Pandemic exposed major problems for resource availability and mental health wellbeing for refugees says new report
The COVID-19 pandemic has shown there was a lack of clear access of digital resources, language barriers and adequate wellbeing support for refugees who were part of the UK’s Community Sponsorship Scheme (CSS) says a new report from the University of Birmingham.
As part of ongoing research conducted by the University of Birmingham’s Institute for Research into Superdiversity (IRiS) the study concluded that with the advent of the pandemic and the introduction of social distancing and lockdown in March 2020, Community Sponsorship groups were challenged to offer alternative support to refugees in new ways. As the pandemic took place emerged and evolved, volunteers, majority of whom are retired or semi-retired realised that many refugees faced language barriers or were unable to access information digitally. With some volunteers and refugees needing to shield themselves and many services moving to remote provision, these groups faced a situation very different to that for which they had planned.
The study also found how the mental health of many refugees had deteriorated as expected during the pandemic but it was more difficult for refugees as they were already experiencing psychological problems associated with experiences of conflict, loss and isolation as lockdown was overwhelming for refugees already struggling with trauma.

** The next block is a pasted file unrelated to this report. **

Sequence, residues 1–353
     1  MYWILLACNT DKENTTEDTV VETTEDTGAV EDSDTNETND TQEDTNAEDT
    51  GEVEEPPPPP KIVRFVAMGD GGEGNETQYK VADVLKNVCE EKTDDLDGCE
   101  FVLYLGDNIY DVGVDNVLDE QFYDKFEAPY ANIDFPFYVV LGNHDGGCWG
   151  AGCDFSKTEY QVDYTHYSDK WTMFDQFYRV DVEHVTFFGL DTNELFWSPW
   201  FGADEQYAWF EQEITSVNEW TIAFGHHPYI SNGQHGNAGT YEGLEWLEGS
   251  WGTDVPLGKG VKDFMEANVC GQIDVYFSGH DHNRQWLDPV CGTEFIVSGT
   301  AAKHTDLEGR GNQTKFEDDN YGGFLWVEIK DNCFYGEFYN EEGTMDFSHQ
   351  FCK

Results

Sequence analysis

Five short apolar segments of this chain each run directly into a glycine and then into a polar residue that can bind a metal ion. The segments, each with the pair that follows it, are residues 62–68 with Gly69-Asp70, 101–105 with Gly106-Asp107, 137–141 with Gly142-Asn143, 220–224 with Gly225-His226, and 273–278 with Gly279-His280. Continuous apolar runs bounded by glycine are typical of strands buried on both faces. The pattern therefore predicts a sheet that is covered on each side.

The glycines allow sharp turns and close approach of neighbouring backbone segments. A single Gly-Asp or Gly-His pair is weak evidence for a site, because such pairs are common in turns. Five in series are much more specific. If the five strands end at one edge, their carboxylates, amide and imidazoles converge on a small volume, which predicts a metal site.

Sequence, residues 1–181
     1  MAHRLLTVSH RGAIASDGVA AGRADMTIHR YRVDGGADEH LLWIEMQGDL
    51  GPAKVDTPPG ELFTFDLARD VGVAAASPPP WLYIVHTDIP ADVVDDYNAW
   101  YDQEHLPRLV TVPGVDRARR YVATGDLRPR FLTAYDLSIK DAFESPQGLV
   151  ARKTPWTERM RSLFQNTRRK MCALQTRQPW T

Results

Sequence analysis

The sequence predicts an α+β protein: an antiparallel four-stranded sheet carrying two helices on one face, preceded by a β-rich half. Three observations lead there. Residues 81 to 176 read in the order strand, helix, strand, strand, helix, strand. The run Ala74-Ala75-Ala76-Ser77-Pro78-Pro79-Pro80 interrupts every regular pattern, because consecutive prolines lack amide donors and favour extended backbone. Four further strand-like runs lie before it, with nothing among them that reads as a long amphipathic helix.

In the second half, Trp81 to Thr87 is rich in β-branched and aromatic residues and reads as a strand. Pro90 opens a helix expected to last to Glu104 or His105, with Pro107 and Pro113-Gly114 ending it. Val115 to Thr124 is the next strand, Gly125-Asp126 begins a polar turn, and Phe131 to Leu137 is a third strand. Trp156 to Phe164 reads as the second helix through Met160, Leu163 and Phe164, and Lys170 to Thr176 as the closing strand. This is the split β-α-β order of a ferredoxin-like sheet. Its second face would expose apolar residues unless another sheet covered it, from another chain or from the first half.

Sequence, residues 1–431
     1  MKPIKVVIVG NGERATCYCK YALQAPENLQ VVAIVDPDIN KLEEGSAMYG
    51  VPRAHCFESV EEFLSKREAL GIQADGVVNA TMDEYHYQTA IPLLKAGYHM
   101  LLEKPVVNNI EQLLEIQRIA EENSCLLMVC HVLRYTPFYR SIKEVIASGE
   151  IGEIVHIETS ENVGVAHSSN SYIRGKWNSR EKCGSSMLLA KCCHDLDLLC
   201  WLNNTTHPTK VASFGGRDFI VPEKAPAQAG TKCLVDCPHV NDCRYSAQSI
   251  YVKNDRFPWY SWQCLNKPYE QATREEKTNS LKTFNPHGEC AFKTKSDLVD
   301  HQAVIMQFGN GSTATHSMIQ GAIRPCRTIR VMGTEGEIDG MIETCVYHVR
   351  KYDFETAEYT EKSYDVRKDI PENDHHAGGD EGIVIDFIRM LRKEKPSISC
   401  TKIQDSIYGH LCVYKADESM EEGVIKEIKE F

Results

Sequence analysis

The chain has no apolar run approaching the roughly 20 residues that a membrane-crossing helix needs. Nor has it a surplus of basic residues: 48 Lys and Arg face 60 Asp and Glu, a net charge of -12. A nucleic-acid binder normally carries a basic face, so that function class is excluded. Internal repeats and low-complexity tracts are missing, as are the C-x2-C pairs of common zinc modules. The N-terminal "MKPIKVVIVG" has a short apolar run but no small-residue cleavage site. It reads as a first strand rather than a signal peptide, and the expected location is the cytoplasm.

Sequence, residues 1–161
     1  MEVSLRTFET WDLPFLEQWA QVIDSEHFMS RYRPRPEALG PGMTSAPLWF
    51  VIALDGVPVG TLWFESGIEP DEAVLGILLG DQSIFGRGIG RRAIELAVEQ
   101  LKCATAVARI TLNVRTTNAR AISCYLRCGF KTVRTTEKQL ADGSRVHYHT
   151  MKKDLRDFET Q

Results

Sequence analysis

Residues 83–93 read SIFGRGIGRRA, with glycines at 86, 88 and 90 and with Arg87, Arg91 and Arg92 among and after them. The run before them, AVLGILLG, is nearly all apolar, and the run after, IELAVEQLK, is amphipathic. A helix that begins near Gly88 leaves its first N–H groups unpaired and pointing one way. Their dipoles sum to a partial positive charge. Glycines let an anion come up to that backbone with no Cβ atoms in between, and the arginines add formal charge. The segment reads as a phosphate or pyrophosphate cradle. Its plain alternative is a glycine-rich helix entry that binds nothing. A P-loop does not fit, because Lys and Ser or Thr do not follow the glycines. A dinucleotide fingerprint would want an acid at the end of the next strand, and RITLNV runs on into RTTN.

Some local groups did try and offer support such as introducing refugees to activities such as gardening and birdwatching to help with their wellbeing, but such resources were not available to all.
Dr Marisol Reyes-Soto, co-author of the research from the University of Birmingham says: "The pandemic came at a difficult time for those refugees who were part of the community sponsorship scheme. Our research highlighted the problems that persisted but we have created a toolkit for both community groups and refugees which provides resources for sign-posting and concrete examples of how digital tools and wellbeing support can be obtained. It is essential to have these tools in place for refugees who have often experienced trauma and will not be left to their own devices during a critical period when they are attempting to settle in their new communities."
Having previously undertaken an independent evaluation of the UK’s Community Sponsorship Scheme, the Community Sponsorship research team at IRiS identified a knowledge gap in the strategies adopted to meet refugee needs under pandemic conditions. The team reached out to Community Sponsorship groups currently supporting at least one refugee family to explore the challenges they faced and how they had addressed these challenges. Some 21 groups agreed to be interviewed, each nominating a representative of whom 17 were women and 4 men. Seven groups were located in urban settings, eight in semi-urban and six in rural locations. Eleven of the groups could be characterised as faith based and ten as secular. The majority of the groups interviewed received their families between 2019 and 2021.